It’s never been more important for businesses to guard against security breaches. From sophisticated, targeted intrusions by hackers to device theft, they face a barrage of threats to their devices and data. In 2014, for example, the theft of devices from Coca-Cola’s Atlanta headquarters involved the breach of unencrypted personal information relating to 74,000 employees, including Social Security numbers and details about financial compensation. In large organizations, where people are constantly coming and going, such thefts are practically unavoidable, and any solution needs to be based on a combination of staff training and intelligent security measures. With mobility and trends such as BYOD dominating the IT agenda, we wanted to look at three areas where Kensington are working with enterprise to deliver effective security policies.
Point of Sale Systems
Tablet and cloud computing have delivered businesses with Point of Sales systems (POD) capable of driving real growth. Staff and sales teams can use iPads and other tablet devices to access all of their data from anywhere they happen to be, while the POS system can be joined up with other parts of the business, allowing for better customer service, more efficient stocktaking, and real-time analysis. Kensington’s SecureBack range allows businesses using tablets for POS to do so more securely, since each case comes with a ClickSafe lock slot and allows for integrated protection of the card reader.
Journalists have been talking about the move away from the traditional nine-to-five office where every employee has her own desk for a long time. After the recession in 2008 companies were looking to save money wherever and whenever they could, and office space was one area that came sharply into focus. The rise of hot-desking, which lets businesses cut down on floor space and create a flexible workplace that reflects their employees’ workflows, has been something that IT departments have had to adapt to. Whether this involves the provision of additional screens, docking stations or peripherals, it’s important that business can protect their investment from loss and theft. Desktop and peripherals locking kits from Kensington allow organizations to secure IT equipment such as docking stations and monitors at hot-desks and temporary workstations, enabling employees to work efficiently and productively.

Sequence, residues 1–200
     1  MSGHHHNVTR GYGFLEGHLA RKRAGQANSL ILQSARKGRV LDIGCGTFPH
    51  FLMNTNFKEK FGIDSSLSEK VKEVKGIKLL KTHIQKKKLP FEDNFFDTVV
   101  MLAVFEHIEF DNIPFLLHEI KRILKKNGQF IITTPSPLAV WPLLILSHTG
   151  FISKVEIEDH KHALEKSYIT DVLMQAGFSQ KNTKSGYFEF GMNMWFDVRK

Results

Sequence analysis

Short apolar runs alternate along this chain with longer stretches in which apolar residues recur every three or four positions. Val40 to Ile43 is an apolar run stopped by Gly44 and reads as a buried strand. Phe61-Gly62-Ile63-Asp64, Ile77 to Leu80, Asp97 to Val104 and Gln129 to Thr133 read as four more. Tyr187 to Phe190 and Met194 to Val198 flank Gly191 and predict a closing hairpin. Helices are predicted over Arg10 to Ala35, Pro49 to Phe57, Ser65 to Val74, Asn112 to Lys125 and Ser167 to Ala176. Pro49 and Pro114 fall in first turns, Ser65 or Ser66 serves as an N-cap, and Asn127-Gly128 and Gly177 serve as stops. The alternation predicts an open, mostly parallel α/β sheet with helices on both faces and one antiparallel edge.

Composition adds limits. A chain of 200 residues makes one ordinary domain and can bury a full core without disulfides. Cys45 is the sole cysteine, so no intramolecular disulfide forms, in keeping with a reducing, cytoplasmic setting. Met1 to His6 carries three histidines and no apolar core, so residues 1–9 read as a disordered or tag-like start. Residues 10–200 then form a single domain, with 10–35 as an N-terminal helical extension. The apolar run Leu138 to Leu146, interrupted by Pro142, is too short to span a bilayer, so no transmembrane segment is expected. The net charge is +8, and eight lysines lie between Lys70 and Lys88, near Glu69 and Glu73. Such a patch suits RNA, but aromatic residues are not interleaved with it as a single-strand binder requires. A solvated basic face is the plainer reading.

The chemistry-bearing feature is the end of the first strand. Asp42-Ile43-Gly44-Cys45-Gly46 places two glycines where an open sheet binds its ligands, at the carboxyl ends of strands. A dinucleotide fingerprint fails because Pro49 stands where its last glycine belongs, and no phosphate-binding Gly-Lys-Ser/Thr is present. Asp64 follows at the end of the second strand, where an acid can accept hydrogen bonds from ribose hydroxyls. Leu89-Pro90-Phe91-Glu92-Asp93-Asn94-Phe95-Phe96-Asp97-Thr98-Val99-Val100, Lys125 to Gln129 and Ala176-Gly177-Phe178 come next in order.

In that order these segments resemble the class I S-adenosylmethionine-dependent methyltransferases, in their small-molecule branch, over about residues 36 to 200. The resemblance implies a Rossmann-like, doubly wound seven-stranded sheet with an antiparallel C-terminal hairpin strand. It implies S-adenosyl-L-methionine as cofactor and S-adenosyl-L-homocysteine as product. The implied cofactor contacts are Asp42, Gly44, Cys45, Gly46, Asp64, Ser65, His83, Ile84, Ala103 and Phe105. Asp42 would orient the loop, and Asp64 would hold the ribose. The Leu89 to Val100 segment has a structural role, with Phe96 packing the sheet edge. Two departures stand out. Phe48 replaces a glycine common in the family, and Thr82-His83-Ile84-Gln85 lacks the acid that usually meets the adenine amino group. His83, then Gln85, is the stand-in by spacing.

BYOD has now moved well beyond the novelty of bringing iPhone to work, growing into a serious security and productivity issue for enterprise and IT. While some advocates see it as the key to maintaining a productive and satisfied workforce, others in IT departments tend to see it as the “the weakest link in the security chain”. From staff training to effective MDM policies, there are a number of ways firms can mitigate the security risks involved in BYOD. In a workplace where staff are using their own devices and face a risk of theft and loss, promoting the use of a portable laptop lock can significantly reduce the possibility of a breach.
Which IT trends are going to have the biggest impact on your security policies in 2016? Let us know your thoughts by commenting below or via LinkedIn.